Yasir testifies: “I was in the hands of the Croats, they took me in the” jungle “. They took away the little money I had, they beat me and broke my phone because mine was not good. If I had a good phone they would have stolen it. Cell phones are smashed to prevent us from using GPS maps in the forest. Without gsp we get lost and we are at the mercy of all the dangers, even the people who see us call the police”.
Both collaborate with the volunteers of “No Name Kitchen“. The two associations have split up their tasks: the Spanish volunteers collect one by one the requests with the name of the refugee and the number of shoes they need, while Adis with Petra procure them and then distribute them one or two days later. The volunteers of “No Name Kitchen” have also taken on the task of showers for which, every other day, men and women can wash themselves with cold water in front of the former slaughterhouse, in a space organized and divided with plastic sheets in 4 “cabins”.
They also organize the laundry by taking the garment to be cleaned and delivering a clean one. They bring all the linen into their home, wash it and dry it to return it to the next shower. With all the refugees they entertain empathic relationships, fresh, genuine, solar as well as professional. In the evening, when the sun goes down, they play activities with the children of the camp who, unfortunately and obviously do not go to school and live in deprivation.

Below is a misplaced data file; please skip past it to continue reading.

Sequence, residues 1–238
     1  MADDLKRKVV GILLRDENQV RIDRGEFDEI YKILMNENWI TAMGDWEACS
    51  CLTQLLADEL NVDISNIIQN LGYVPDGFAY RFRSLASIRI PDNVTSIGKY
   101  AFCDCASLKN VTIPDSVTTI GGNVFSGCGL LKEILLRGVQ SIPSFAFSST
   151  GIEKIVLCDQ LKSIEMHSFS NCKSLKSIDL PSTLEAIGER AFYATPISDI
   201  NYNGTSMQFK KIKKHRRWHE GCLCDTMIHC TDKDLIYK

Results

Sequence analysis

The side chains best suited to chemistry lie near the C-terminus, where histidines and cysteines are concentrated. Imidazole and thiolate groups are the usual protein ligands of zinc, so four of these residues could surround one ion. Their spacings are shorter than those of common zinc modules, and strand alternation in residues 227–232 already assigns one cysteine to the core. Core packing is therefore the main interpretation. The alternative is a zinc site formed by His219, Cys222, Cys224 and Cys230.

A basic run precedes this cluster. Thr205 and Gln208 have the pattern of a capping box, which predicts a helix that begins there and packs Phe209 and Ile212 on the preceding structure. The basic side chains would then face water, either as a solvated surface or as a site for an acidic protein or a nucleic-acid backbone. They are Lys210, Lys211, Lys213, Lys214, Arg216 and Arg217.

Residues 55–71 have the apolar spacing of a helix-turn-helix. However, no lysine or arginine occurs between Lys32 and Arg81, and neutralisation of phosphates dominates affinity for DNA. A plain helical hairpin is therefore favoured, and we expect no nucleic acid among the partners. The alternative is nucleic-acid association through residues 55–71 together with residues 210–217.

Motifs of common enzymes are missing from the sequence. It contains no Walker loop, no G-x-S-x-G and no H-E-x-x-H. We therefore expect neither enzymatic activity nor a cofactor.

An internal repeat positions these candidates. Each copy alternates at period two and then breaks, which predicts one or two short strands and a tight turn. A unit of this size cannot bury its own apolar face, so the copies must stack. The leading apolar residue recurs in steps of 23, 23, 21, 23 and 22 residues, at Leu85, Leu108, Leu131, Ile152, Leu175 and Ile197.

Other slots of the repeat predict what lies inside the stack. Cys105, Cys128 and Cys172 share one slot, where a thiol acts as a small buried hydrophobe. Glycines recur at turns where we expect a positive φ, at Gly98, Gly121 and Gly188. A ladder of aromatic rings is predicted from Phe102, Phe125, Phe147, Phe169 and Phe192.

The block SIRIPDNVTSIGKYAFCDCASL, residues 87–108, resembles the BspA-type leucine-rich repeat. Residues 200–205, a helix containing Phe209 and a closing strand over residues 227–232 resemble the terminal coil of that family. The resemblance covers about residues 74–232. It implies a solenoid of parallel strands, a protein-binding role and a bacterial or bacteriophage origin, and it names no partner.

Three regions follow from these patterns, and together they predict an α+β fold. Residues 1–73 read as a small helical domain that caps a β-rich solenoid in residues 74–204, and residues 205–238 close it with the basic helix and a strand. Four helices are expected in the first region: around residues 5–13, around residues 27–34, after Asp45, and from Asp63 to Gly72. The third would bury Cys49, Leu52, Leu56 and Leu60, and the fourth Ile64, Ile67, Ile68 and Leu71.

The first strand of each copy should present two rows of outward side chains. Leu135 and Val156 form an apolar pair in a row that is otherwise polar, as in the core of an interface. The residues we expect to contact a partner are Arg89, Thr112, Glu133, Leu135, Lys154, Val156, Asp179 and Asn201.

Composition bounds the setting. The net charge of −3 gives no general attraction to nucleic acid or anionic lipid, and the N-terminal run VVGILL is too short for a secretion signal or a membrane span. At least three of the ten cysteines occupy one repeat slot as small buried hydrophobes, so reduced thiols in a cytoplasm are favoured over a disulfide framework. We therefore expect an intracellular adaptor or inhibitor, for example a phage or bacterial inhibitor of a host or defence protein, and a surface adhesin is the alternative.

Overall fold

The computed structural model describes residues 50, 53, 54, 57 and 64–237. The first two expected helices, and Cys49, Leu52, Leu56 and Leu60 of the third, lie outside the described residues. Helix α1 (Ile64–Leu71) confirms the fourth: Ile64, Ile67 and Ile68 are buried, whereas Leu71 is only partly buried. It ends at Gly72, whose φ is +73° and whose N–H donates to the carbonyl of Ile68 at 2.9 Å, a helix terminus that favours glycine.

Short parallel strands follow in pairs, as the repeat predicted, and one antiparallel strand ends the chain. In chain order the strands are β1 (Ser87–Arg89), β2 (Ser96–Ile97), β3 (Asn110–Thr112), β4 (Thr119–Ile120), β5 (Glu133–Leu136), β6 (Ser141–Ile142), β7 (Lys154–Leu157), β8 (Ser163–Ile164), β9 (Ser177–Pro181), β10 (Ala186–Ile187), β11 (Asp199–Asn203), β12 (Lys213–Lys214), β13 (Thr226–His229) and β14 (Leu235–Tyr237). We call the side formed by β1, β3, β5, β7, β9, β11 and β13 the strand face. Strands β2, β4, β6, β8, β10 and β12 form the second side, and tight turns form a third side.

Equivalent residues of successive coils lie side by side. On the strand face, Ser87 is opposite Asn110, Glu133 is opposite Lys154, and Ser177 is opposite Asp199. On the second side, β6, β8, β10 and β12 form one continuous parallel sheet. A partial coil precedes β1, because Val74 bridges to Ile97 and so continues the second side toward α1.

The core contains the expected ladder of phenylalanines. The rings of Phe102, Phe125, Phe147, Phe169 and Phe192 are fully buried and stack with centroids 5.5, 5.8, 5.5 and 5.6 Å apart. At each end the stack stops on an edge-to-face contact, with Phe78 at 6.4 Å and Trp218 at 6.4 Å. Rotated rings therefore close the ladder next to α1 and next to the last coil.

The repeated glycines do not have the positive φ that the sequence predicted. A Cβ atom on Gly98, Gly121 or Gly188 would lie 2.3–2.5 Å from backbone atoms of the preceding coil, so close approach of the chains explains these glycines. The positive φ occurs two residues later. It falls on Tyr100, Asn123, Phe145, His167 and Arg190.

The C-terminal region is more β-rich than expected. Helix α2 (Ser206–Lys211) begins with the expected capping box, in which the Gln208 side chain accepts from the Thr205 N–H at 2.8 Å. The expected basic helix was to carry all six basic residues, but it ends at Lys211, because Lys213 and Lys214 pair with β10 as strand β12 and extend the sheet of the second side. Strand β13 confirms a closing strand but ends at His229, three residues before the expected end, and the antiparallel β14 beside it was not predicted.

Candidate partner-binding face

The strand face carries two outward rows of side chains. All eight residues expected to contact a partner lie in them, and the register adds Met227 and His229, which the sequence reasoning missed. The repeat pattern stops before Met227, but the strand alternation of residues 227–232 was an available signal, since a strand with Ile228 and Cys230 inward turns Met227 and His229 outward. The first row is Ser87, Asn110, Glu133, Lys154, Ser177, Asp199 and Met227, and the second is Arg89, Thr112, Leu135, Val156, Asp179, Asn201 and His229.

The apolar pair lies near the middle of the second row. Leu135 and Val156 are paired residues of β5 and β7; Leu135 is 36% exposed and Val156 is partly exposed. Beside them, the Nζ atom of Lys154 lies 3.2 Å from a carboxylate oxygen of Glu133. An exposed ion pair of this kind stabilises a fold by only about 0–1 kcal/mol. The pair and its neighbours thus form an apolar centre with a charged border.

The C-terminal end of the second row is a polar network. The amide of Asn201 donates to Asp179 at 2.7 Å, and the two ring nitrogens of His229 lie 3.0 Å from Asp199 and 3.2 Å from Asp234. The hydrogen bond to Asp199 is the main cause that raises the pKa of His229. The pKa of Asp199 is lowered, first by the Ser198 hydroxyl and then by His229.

They tell us that the most worrying health problem, in addition to allergies, fungi and the results of the violence suffered by the Croatian police, is scabies that have become endemic. Being able to have clean socks to be distributed is a modest but necessary form of prevention, but difficult to find. For this reason, the following morning we will buy together dozens and dozens of socks in addition to underwear and medicines, while we occupy the evening with Adis and Petra to buy shoes, especially those with the sole that does not slip for those who decided to face the forest.
We learn that now in Kladusa, unlike our first trip about 20 days ago, a doctor, Samir, from MSF, intervenes in the camp 3 times a week. For the remaining four days, he manages relations with the Kladusa hospital, making it possible to take care of the most important cases. Samir, however, complains about the excessive bureaucracy to which he must abide as an MSF operator.